There are doubtless expressions in the early cases in Massachusetts which countenance the proposition that a guarantor is in all cases entitled to notice of the principal debtor's default. It was decided in this Commonwealth in Oxford Bank v. Haynes, that the guarantor of a note, even when the only person liable on it is the principal debtor, is entitled to such a notice and if he is damnified by not receiving it within a reasonable time, he is discharged; that case has been followed or recognized in many subsequent cases; Talbot v. Gay, 18 Pick. 534 ; Sigourney v. Wetherell, 6 Met. 553 ; Whiton v. Mears, 11 Met. 563 , 564; Bickford v. Gibbs, 8 Cush. 154 ; Parkman v. Brewster, 15 Gray 271 ; Protection Ins. Co. v. Davis, 5 Allen 54 , 58. This rule has been recognized for more than seventy years, and it is now too late to question it. When it was first adopted, it was assumed in England as well as in this Commonwealth that the guarantor of a note had the same right to notice that an indorser had, the only difference between the two being that in the case of a guarantor, notice could be given at any time before damage was sustained, and that damage from lack of notice had to be proved; see Phillips v. Astling, 2 Taunt. 206; Van Wart v. Woolley, 3 B. & C. 439; and the later case of Hitchcock v. Humfrey, 5 M. & G. 559; the law seems to be otherwise settled in England to-day; see Walton v. Mascall, 13 M. & W. 72; but see Lindley, L. J., in Carter v. White, 25 Ch. D. 666, citing with approval Byles on Bills, (12th ed.) 295, who lays down the Massachusetts rule. The weight of authority is against the Massachusetts rule; the cases are collected in Ames, Cases on Suretyship, 240, note 1.

It has never been decided that the rule applied in Oxford Bank v. Haynes is one of general application. In Dole v. Young, 24 Pick. 250 , Clark v. Remington, 11 Met. 361 , and Paige v. Parker, 8 Gray 211 , it was assumed that the rule applied in case of a general guaranty for the payment of goods to be subsequently purchased; and in Cabot Bank v. Rodman, 11 Gray 134 , it seems to have been assumed to be a rule of general application. But

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in none of these cases does the opinion rise higher than a mere obiter dictum, except in the case of Clark v. Remington. Clark v. Remington was the case of a guaranty of goods to be subsequently purchased where no notice of any kind was given to the guarantor. The guaranty in question in that case was an offer, and it is settled that in such a case notice of the subsequent purchase must be given. See Bishop v. Eaton, 161 Mass. 496 , and cases there cited. Clark v. Remington may well stand on the ground that in that case no notice of the acceptance of the offer by the subsequent purchase was given; and it may be doubted whether, in a case where notice of the subsequent purchase has been given, so that the guarantor is fully informed of the details of the debt which he has guaranteed, notice of the principal debtor's default must also be given.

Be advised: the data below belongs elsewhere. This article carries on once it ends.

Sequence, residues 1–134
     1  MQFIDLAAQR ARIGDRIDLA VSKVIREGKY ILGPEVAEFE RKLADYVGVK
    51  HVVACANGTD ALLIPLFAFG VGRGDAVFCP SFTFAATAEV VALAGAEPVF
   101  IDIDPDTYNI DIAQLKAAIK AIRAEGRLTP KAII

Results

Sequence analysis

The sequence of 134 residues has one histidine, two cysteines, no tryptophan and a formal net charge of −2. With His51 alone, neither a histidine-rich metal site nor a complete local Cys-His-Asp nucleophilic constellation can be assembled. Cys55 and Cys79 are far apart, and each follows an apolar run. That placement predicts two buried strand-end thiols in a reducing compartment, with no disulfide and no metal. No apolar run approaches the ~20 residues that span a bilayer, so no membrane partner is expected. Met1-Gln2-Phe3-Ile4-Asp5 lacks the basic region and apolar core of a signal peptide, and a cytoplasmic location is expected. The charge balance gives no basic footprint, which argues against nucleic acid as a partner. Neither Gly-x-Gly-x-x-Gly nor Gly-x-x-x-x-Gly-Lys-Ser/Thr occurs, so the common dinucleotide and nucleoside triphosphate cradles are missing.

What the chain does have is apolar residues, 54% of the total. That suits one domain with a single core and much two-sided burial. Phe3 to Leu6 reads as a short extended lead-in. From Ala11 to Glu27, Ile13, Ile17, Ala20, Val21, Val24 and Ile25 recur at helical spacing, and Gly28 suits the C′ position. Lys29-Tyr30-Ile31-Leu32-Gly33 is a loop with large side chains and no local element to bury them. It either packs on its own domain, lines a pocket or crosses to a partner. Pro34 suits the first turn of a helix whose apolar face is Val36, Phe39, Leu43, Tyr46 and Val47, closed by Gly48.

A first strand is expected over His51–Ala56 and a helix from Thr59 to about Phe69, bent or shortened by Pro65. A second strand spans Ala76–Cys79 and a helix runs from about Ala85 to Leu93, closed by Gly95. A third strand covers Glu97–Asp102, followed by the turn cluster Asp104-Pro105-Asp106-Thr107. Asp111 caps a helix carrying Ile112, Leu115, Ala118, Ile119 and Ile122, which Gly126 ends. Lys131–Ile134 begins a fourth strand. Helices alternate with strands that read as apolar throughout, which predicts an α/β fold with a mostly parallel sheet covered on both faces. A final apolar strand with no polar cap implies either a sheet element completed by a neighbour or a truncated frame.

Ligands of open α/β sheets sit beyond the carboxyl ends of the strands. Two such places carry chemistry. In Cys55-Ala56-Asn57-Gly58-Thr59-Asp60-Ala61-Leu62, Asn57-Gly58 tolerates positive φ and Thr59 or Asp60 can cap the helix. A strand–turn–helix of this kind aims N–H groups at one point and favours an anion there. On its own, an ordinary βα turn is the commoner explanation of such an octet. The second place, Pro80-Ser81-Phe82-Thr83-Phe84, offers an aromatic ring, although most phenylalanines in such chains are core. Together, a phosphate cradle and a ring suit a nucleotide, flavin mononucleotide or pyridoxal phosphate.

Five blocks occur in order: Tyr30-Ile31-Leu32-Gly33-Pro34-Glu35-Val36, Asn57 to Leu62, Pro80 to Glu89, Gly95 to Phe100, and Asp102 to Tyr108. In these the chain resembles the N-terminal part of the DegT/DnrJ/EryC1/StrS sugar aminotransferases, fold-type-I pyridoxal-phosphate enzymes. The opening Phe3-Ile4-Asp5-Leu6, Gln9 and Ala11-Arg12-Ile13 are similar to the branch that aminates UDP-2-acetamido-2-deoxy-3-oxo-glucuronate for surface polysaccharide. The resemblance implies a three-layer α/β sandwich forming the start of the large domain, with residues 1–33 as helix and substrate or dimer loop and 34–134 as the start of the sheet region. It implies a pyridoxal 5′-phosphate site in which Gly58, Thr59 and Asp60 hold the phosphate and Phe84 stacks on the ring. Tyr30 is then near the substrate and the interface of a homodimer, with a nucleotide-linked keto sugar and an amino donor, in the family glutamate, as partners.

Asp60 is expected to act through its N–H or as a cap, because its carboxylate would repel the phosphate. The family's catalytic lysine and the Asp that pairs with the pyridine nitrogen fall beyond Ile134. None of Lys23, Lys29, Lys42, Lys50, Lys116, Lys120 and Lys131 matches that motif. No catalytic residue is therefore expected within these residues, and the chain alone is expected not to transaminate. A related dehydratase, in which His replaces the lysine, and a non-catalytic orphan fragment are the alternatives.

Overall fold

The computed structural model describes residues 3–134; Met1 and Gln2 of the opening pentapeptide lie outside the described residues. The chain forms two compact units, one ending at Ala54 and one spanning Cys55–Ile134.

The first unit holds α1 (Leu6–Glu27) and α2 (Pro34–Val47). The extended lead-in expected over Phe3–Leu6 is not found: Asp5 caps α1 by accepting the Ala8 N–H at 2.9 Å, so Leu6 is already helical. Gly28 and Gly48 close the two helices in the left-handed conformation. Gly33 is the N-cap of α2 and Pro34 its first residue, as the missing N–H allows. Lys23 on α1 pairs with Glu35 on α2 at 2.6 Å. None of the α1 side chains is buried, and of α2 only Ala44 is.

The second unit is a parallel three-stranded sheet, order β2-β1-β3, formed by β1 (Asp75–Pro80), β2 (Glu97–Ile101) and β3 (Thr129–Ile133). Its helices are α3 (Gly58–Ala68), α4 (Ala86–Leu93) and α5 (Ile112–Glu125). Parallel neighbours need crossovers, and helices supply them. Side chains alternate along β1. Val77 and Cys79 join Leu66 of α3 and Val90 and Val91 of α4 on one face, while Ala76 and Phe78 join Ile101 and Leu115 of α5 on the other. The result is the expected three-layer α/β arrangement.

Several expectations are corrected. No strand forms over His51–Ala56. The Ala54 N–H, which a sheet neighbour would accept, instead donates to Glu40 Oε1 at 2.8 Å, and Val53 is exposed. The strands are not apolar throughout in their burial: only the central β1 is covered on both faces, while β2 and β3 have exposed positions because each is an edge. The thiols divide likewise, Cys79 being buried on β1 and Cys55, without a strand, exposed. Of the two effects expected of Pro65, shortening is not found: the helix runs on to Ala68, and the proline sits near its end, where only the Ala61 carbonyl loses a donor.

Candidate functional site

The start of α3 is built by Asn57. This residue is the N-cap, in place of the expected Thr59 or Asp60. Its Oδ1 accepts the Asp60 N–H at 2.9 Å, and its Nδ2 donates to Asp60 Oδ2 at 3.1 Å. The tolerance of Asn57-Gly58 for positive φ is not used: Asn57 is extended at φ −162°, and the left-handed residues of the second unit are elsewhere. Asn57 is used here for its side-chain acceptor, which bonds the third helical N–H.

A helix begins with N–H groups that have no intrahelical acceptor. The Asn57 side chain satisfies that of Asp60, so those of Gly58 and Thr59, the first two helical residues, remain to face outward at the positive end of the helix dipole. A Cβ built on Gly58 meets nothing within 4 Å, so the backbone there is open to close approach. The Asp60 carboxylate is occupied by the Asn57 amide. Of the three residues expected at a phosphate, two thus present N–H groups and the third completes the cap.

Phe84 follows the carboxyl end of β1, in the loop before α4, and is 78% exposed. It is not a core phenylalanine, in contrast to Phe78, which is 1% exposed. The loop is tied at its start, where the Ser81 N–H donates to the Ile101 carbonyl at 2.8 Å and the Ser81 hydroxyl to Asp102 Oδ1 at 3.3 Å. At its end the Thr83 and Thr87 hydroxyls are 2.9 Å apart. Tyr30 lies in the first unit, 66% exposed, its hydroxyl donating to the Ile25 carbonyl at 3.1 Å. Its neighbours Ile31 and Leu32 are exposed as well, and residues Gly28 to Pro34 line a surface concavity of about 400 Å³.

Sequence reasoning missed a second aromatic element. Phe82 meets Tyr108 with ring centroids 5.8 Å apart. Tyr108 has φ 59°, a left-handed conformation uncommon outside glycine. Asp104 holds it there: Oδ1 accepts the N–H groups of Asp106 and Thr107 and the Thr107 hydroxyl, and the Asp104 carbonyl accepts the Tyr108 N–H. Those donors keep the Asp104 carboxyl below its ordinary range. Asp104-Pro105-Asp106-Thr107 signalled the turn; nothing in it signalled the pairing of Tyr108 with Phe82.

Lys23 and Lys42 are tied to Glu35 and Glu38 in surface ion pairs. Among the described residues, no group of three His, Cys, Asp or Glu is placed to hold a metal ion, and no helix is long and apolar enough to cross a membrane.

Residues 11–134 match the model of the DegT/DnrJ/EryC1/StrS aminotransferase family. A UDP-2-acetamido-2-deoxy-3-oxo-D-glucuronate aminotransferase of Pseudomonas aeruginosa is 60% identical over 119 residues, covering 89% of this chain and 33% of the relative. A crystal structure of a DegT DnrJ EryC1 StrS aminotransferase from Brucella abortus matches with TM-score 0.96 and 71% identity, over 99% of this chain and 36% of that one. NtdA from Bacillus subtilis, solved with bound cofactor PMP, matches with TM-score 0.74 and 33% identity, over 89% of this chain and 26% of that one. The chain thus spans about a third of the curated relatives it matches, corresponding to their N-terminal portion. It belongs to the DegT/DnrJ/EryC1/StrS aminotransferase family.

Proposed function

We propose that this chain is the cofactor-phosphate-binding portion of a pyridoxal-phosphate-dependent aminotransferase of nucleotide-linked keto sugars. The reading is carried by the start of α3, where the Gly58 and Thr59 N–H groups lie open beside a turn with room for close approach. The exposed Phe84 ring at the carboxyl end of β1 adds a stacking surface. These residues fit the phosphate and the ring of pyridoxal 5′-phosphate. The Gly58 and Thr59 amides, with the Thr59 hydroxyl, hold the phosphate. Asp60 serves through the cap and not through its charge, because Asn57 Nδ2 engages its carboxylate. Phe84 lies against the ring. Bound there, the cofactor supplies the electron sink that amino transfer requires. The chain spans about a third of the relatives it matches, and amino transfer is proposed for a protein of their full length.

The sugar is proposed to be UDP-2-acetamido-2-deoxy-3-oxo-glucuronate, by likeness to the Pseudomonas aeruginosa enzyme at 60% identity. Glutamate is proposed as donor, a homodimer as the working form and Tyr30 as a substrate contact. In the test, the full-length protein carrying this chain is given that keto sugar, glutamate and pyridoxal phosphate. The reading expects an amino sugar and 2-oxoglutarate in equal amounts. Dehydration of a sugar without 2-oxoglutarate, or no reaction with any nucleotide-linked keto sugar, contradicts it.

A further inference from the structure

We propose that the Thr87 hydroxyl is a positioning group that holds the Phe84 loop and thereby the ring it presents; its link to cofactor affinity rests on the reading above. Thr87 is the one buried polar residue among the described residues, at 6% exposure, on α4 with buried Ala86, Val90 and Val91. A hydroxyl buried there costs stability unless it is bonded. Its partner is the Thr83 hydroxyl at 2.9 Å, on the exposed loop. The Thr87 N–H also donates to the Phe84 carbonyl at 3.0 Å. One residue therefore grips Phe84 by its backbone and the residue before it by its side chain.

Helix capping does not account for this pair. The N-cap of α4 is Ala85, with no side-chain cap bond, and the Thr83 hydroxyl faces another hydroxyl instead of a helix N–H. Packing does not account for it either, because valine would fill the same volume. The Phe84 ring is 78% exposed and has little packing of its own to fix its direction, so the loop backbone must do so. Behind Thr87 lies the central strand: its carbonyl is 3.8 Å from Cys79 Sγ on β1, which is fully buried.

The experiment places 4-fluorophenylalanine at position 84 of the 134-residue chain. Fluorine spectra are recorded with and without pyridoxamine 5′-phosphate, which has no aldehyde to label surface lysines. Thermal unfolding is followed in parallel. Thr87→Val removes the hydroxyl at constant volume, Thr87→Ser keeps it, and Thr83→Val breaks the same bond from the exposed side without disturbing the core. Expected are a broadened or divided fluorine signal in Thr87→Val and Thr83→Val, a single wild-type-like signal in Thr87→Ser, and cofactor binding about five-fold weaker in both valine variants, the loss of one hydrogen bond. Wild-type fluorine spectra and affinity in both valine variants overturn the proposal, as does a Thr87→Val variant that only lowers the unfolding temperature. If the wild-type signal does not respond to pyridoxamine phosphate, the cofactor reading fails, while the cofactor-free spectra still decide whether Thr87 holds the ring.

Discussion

It is not necessary to consider now whether notice must be given to the guarantor in cases like Lennox v. Murphy, 171 Mass. 370 , in order to throw upon him the duty of seeing that the sums guaranteed by him are paid; it may be that in case of such a contingent guaranty, it is not the duty of the guarantor to see that the sums guaranteed are paid until the contingent guaranty has been made certain by notice stating what sums are due and when they are due, although such notice is not a condition precedent on which his liability depends. See in this connection Hoar, J., in Whiting v. Stacy, 15 Gray 270 .

However that may be, there is no case in this Commonwealth in which the rule of Oxford Bank v. Haynes has been enforced, in case the thing guaranteed is a debt, definite in amount and in time of payment; but, on the contrary, Chief Justice Shaw said, with reference to that case, in delivering the opinion of this court in Salisbury v. Hale, 12 Pick. 416 , 424, which involved the question of a guaranty of rent: " Without deciding whether the doctrines of that case can be extended beyond promissory notes and other mercantile contracts, we are of opinion, upon the principles of that case, notice, in the present, was not necessary," because there had been no change of circumstances.

We are of opinion that when the obligation of the guarantor is to pay a definite sum at a definite time, it is his duty to see that the sum guaranteed is paid, and that there is no duty on the creditor to give notice to the guarantor of a default in payment

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by the principal debtor; and that if the guarantor, in violation of his duty, has slumbered because he supposed that in the absence of a demand by the creditor the act guaranteed had been performed by the principal debtor and has suffered damage from so doing, he has nothing of which he can complain but his own negligence, and is liable to pay the sum which he, guaranteed should be paid.

Exceptions overruled.